In the last few weeks Saudi Arabia, the UAE, Bahrain and Egypt offered Qatar several chances to relinquish its support for terrorist and extremist forces so that they can rollback the measures against the tiny Gulf nation. With the region and the world awaiting a positive response from Qatar, comments and insinuations emerging from Doha are not at all encouraging. The statements of Qatari Foreign Minister Shaikh Mohammad Bin Abdul Rahman Al Thani, in response to the 13-point list of demands of the quartet, are nothing but self-deceiving.
The Qatari minister has condemned the boycotting countries’ refusal to negotiate these demands, although they were plain and simple. Qatar could have decided to negotiate, but instead chose to debate the principle and acted evasively. The minister should have known of the futility of the exercise.
Shaikh Mohammad Bin Abdul Rahman talks about the principles of international relations and the foundations of negotiation. But he ignores the fact that his country has torpedoed these very principles and violated international law. Financing terrorism, hosting and defending terrorists on its satellite channels, Qatar is not in a position to speak of principles.
Qatar seems to remember the laws and morals only when it is under pressure, and spews the usual slogans of victimisation and sedition.
Complying with the demands would enable Qatar to return to its natural context and align itself once again with the Gulf Arab countries, a natural condition to retain membership in the Gulf Cooperation Council (GCC) and Arab League. The two organisations cannot accept a member that is hostile to the interests of the other members. It would be difficult to manage the situation wisely when crimes and terrorism lurk nearby.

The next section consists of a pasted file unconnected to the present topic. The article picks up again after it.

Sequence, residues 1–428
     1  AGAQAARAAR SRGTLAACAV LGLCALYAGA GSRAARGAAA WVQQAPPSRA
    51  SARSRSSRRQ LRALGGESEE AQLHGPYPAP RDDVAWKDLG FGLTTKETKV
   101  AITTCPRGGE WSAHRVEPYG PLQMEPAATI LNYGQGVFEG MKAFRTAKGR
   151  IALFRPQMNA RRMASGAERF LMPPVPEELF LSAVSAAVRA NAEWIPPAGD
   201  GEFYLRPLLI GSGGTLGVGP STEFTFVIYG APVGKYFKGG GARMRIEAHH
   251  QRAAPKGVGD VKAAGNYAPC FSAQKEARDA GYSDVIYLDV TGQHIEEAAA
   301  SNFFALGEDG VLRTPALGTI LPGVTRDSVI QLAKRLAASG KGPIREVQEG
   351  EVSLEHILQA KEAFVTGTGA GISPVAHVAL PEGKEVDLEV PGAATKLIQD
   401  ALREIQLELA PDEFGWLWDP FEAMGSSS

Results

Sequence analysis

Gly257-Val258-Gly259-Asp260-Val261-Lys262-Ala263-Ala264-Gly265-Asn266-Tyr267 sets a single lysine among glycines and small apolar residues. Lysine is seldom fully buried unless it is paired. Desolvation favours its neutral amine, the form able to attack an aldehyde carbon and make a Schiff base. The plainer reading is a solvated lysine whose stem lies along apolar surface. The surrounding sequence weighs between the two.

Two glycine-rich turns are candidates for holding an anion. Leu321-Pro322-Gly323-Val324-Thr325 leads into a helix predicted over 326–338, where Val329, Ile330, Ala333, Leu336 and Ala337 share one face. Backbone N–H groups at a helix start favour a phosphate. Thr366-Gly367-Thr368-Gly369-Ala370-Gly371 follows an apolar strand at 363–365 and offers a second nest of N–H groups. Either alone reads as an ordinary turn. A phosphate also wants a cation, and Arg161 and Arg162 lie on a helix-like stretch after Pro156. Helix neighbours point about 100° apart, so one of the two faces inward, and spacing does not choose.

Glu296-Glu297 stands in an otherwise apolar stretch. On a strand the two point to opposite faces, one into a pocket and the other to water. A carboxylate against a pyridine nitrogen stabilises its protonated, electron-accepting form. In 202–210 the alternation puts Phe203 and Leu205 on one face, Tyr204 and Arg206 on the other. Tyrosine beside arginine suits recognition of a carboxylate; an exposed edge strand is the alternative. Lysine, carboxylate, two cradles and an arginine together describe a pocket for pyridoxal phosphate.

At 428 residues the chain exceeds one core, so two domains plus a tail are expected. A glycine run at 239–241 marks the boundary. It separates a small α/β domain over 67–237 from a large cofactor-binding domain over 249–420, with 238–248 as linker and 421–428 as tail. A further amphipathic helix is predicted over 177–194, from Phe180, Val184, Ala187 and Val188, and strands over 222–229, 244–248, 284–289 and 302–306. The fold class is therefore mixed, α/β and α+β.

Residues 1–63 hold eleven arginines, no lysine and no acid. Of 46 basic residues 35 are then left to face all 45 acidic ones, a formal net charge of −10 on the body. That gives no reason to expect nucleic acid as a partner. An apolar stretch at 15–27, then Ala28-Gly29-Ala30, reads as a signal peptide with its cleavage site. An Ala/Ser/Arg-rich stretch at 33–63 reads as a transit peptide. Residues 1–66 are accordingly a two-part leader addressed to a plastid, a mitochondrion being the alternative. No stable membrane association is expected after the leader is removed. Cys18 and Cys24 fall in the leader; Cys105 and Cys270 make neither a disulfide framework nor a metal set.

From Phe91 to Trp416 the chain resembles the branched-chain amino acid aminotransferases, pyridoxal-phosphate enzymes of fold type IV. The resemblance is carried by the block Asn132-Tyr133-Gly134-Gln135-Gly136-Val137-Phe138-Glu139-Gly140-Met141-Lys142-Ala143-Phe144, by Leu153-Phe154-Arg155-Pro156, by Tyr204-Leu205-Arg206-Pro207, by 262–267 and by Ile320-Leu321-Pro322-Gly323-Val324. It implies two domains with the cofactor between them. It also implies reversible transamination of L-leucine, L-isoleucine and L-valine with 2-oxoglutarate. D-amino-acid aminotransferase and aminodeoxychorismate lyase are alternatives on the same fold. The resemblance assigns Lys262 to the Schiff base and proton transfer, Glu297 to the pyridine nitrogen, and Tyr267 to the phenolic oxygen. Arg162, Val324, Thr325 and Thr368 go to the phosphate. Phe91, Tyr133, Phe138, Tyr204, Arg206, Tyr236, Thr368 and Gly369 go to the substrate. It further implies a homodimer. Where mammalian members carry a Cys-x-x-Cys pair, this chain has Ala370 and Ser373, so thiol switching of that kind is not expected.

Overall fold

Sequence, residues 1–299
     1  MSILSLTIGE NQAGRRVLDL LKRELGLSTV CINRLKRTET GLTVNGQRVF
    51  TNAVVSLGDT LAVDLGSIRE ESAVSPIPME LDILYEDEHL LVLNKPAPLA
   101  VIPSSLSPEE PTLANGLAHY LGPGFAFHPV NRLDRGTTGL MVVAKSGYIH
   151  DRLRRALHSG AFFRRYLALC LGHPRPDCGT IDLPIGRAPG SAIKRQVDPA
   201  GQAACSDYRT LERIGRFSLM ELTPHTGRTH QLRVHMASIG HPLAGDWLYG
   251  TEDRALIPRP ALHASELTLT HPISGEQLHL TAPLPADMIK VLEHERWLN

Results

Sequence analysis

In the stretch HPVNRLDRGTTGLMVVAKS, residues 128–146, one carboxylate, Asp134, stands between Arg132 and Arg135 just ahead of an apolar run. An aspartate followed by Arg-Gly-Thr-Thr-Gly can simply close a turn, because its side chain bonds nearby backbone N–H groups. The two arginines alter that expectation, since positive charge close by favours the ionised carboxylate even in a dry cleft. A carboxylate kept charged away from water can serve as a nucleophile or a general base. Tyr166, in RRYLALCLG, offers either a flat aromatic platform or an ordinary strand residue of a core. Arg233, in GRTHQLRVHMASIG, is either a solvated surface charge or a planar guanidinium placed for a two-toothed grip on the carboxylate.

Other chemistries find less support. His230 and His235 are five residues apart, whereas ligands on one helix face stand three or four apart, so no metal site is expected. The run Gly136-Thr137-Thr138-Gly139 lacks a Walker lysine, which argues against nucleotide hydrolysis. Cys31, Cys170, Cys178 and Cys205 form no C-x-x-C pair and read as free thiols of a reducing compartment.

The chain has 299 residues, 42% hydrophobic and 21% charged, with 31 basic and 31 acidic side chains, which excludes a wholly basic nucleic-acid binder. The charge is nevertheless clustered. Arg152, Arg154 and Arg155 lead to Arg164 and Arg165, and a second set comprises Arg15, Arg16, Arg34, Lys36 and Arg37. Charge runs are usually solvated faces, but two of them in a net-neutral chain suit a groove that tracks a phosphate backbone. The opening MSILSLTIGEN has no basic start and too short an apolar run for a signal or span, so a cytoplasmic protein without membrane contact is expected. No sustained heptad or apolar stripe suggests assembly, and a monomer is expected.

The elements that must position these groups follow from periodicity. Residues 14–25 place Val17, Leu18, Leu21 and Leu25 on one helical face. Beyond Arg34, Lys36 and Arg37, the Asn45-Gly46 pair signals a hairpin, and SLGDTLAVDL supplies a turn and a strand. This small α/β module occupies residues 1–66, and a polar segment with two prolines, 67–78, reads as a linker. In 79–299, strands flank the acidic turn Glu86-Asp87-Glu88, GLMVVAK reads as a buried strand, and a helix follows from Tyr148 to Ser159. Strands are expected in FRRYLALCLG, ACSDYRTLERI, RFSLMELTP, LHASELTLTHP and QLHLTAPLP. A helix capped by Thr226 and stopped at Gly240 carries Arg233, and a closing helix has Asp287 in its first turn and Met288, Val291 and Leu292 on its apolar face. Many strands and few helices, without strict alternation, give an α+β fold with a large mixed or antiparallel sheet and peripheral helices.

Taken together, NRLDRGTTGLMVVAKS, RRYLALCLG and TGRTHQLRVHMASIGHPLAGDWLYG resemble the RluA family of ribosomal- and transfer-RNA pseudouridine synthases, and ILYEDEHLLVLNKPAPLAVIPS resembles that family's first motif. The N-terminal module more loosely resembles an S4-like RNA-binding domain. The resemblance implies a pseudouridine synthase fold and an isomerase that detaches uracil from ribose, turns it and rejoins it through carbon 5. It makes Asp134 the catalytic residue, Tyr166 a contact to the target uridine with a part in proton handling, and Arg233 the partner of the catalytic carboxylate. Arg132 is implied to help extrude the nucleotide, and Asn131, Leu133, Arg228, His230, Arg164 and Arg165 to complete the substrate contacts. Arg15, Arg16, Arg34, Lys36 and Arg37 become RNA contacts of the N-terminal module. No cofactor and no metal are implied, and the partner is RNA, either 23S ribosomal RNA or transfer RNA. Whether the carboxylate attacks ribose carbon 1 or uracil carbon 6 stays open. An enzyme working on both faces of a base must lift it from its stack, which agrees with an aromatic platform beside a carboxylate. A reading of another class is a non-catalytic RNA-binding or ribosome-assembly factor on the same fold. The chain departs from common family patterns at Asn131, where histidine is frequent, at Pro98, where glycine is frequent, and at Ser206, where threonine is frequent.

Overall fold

Neither guardianship nor ostracism has been imposed, contrary to the claim by Qatar’s propagandists. Rather, the list represents a serious request to the Qatari leadership to come to terms with its misconduct and criminality.
However, the leadership is not concerned about the interests of its people. Otherwise, it would not have wasted billions on projects that are against the interests of the Qataris and Arabs in general.
Playing the role of the bullied victim will expose the Qatari state to more stringent measures from the boycotting countries. Doha should have received the message from the start, but it staked on the time factor and mediators to pressure the Arab bloc to waive its demands. It always relied on inaccurate calculations driving its people into a quagmire.
Qatar’s stubbornness and arrogance are manifest in its reluctance to show any goodwill to its neighbours. The country wants to win at any cost, regardless of the loss of billions to the Qatari economy since this crisis erupted. It relied on international pressure, mainly from Iran and Turkey, to make its case, without realising that it can’t have any serious effect in altering the course of events.
Time has come perhaps for an international monitoring of Qatar’s activities. Although the country’s row with the neighbouring nations needs a regional solution, Doha requires international monitoring more than ever before. A country with $300 billion (Dh1.10 trillion) in reserves cannot be allowed to be a sponsor of terrorist causes. The world cannot allow Doha to get away with it. Qatar’s failure to realise its folly is baffling. The world is battling the scourge of terrorism and here is Qatar funding such activities. It beggars belief.
What’s even worse is that it does not realise that it is playing a dangerous game. Recent insinuations and fake stories about the Qatari government’s official news sites being hacked smacks of desperation. It should not know that such accusations can only add fuel to the fire. Qatar certainly is not looking to end the crisis.
Dr Salem Al Ketbi is an Emirati political analyst, researcher and opinion writer.